Unless you have been living in a very remote Appalachian cave, you will know that the European economy is in deep trouble. The basic problem is that countries with widely divergent economies have formed a common currency zone, and that the resulting strains are threatening to destroy the euro, possibly taking the global banking economy along with it. Very roughly, the more successful countries such as Germany and Finland are Northern European, while the laggards are mainly on the Mediterranean. The worst offenders are the PIIGS – Portugal, Ireland, Italy, Greece and Spain.
So much is well known, but recent commentators have raised the subversive suggestion that the underlying difference might be religious as much as economic. At the Globalist, the magazine’s founder Stephan Richter wrote a piece provocatively titled “Martin Luther and the Eurozone: Theology as an Economic Destiny?” Richter argues that the Eurozone’s core problem is that the region contains countries that do not understand the thrift needed to belong to a club that demands tight limits on deficits and public borrowing. In fact, he says, there is a simple rule. If a country adopted Protestantism in the sixteenth century, then it would properly qualify for the Eurozone today. “If it had stayed predominantly Catholic, or even Greek Orthodox, then not. With few exceptions, that simple rule would have saved hundreds of millions of people around the world a lot of despair, along with much of the animosity and frustration that now prevails – never mind trillions of euros in asset value…. Too much Catholicism, it seems, is detrimental to a nation’s fiscal health, even in the 21st century. Indulgences then – and an inability to properly manage public finances now.”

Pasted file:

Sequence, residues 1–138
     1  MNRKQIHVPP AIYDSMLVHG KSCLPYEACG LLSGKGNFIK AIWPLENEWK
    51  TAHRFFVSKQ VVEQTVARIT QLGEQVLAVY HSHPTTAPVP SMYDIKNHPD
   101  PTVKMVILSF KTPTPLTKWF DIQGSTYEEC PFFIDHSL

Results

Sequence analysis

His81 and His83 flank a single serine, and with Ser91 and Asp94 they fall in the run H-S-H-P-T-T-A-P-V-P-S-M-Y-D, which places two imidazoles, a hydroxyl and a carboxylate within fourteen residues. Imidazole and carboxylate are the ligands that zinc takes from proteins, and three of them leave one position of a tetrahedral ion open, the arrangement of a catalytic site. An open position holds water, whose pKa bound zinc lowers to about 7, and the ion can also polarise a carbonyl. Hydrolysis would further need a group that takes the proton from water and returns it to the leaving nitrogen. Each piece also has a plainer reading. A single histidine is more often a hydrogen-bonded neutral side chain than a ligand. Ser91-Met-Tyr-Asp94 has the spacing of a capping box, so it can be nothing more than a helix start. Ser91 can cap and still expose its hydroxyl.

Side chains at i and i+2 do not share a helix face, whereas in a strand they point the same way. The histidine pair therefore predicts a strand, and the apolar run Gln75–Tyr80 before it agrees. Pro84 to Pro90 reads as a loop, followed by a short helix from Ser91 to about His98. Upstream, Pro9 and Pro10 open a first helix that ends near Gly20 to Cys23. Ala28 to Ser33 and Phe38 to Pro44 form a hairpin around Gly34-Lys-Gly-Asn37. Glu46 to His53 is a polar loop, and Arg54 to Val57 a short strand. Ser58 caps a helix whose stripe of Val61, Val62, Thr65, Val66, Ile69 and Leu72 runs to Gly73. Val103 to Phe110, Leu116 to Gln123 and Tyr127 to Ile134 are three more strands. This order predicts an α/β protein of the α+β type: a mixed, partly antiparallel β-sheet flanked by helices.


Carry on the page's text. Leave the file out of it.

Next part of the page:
Chris Bowlby has a related piece on the BBC’s News Magazine. Among other things, he notes how “religious ideas still shape the way Germans talk and think about money. The German word for debt – schuld – is the same as the word for ‘guilt’ or ‘sin.’ Talk of thrift and responsible budgeting comes instinctively to Angela Merkel, daughter of a Protestant pastor.” Thinking ahead to the five hundredth anniversary of the 95 Theses, Bowlby asks, “And where will the Eurozone be in 2017? Still intact? Or coming to terms with a new historic divide between the Latins and the preachers of Protestant thrift?”
My basic problem with this argument is that it simply contains too many exceptions to be worth much – thrifty Catholic Northern Italians, hard working Catholic South Germans, and so on. At some point, the amount of special pleading (“Well, they’re just an odd exception because…”) becomes overwhelming. France, especially, is a screaming exception.
Having said that, it is intriguing to see commentators even in highly secular Europe returning to these religious explanations. Religion still constitutes a major portion of cultural and national self-definition, even in countries where churches have long been languishing.